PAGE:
Life of an Analyst
Role of a Banking Analyst
An investment bank provides advisory services and helps clients raise capital. It is one of the most desirable jobs on Wall Street. While the job is highly sought after, it is also very stressful. However, when the job is executed properly, it leads to great financial reward. Before rising to that level of success, one must start at the bottom as a banking analyst. An analyst typically deals with the analytical work that needs to be done for the firm with the final result of a presentation. Generally, an analyst work stream follows three steps: conducting research, analyzing financial models and creating a pitch deck. The primary step of research allows the analyst to learn more about the company and how it became successful. Then with financial modeling and analysis, an analyst will work on discounted cash flow analysis, comparable companies and comparable transactions and LBO models. The final creation of a pitch book combines the research and analysis that will be shown to potential clients. This final step not only involves a lot of work in PowerPoint, but also requires close attention to detail and creativity. As one can imagine, this process requires a lot of time, so analysts tend to work upwards of 80 hours a week.
Analysts’ jobs begin as soon as they wake up. They must check their phones to see if coworkers responded to their messages from the night before or to see if any new updates occurred overnight. Analysts typically arrive to work between the hours of 8 and 9 AM, where they continue to check their emails and eat breakfast at their desks. The mornings consist of administrative tasks such as responding to emails and making phone calls. These messages come from clients, coworkers, and senior bankers involving status reports, presentations and calculations. During this time, analysts may have conference calls with other teams and lawyers to discuss what the next steps are on a deal.
The morning work of analysts is more methodical than afternoon and evening work. The primary workload in the morning consist of making adjustments from senior staff, who spent their evenings reading over the presentation work the analysts did the day before. While some mornings might be busier than others, analysts rarely receive a break to check sports scores or use social media while on the job.
Generally, a lunch break will begin between the hours of 12:30 PM — 2:00 PM. Lunch for analysts is generally a 45-minute period where they can go to the cafeteria or find a quick restaurant near the firm. Analysts sit together, which is a nice way to meet and get to know their coworkers. This is a time to take a break from the daunting tasks of work and talk about interests and hobbies.
The afternoons are not any easier than the mornings as analysts must continue to balance a variety of tasks. During the afternoon, analysts remain focused on the active deal that the group is hoping to close. Deals involve millions or billions of dollars, so it is important that analysts are very detailed oriented because one calculation mistake can make a huge difference. Moving on, an analyst will also continue working on pitch book A from the day before or start a new one. They will then send a revised version or updated Excel model to an associate for editing. While working on Pitch book A, a managing director who is traveling to a client may ask an analyst to send Pitch book B to them. However, one cannot just send the book via mail so the analyst must create a pdf version and send the book immediately. After doing this, the analyst receives the revised pitch book A from the associate who asks for more revisions to be completed and delivered back to them in 2 hours, so another revision can be made for the morning. This process is repeated throughout the entire afternoon and an analyst may work on multiple pitch books each afternoon as exampled by pitch book A and B.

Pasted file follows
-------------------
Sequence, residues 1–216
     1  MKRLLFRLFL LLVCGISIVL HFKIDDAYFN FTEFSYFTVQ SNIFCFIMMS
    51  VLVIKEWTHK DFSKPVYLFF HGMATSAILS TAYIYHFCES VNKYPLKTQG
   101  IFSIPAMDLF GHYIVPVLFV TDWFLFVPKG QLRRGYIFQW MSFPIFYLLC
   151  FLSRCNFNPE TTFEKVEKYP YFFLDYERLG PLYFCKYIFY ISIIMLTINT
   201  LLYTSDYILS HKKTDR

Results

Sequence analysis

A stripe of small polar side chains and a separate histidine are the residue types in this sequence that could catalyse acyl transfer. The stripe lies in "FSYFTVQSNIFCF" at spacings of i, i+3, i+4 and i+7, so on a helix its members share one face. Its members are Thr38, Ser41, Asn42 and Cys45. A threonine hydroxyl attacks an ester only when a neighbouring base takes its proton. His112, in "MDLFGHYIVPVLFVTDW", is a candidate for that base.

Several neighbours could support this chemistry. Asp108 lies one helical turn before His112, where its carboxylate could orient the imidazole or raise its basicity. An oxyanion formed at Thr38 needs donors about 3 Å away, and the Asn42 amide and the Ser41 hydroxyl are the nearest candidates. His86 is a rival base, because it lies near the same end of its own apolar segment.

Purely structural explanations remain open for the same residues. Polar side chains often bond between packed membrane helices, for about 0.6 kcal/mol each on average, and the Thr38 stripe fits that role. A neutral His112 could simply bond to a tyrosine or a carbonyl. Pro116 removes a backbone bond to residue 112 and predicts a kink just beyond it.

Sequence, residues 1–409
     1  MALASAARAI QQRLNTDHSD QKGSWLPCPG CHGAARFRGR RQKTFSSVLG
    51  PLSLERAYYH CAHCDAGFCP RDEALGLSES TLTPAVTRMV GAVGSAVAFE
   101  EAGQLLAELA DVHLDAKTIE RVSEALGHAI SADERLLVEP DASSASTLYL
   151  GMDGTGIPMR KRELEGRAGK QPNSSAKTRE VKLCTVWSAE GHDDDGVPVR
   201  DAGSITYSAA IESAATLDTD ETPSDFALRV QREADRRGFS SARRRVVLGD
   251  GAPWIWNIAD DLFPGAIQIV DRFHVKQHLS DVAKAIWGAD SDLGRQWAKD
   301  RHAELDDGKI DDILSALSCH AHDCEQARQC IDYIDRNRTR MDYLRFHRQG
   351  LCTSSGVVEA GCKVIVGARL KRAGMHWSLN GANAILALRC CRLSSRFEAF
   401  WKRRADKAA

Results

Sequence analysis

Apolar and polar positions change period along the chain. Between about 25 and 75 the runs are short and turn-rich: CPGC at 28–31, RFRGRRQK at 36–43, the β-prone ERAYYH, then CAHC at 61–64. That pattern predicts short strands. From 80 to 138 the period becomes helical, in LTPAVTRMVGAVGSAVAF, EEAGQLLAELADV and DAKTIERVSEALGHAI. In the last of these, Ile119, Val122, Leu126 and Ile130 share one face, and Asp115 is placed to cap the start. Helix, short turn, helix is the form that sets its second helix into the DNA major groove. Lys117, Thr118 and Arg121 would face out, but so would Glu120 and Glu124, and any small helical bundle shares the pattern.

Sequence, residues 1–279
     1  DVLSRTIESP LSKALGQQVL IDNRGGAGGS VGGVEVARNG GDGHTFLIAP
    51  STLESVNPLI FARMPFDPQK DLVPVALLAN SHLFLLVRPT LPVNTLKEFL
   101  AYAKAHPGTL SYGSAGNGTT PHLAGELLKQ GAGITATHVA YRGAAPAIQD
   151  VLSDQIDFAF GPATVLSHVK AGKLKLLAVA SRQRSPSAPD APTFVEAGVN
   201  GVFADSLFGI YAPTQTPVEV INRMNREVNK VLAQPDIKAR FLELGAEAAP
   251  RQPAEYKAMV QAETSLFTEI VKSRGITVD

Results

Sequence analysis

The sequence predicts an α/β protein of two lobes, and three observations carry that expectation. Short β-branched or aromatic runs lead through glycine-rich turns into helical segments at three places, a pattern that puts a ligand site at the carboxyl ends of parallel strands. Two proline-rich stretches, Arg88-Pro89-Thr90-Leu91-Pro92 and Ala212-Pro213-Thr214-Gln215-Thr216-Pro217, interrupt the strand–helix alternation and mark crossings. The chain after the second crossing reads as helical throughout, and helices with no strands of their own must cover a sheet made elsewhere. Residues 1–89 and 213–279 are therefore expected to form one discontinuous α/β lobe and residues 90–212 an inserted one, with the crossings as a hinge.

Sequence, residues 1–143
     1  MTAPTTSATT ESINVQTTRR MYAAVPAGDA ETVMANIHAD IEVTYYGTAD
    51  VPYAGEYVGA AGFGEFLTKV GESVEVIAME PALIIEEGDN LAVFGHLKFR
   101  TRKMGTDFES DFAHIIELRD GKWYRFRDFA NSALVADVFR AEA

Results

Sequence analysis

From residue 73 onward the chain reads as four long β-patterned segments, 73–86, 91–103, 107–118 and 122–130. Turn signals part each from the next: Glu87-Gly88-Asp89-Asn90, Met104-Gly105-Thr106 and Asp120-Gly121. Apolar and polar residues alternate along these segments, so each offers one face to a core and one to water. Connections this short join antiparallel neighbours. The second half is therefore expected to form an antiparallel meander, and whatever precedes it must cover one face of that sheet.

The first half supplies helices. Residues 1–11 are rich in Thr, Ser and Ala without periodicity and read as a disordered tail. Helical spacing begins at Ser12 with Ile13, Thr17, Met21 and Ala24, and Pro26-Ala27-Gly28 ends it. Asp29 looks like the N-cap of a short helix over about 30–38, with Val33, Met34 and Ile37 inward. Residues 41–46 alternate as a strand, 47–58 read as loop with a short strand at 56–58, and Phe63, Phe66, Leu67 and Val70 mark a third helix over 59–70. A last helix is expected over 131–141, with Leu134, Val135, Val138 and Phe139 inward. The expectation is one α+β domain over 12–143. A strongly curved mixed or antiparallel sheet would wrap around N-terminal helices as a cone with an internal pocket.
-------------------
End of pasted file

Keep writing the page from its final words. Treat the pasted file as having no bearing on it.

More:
Analysts work so hard that there is no time to stop for dinner but they can order food to eat at their desk.
Post Dinner Work
After dinner, an analyst continues the process of creating and editing pitch books and models. They give the books to associates who return them with comments and feedback. Once a pitch book receives no critiques, it is time for printing. It is now 11 PM. Before leaving the office, the analyst must execute the side tasks that they did not get to do such as scheduling conference calls, responding to emails, and creating meetings. At 1 AM, an analyst calls a cab and goes home. Before going to sleep at 2 AM, analysts must check their emails to make sure they completed all tasks for the day.
Final Evaluation about the Day of an Analyst
The job of an analyst is busy but exciting. An analyst has the opportunity to work with seniors in the company and gain exposure to a lot of new information. They develop important skills immediately as they work and perform tasks directly for the company. It is a very long day that appears to never stop. Although the job is hard, it is very rewarding as an analyst does a lot of the work that is shown to clients.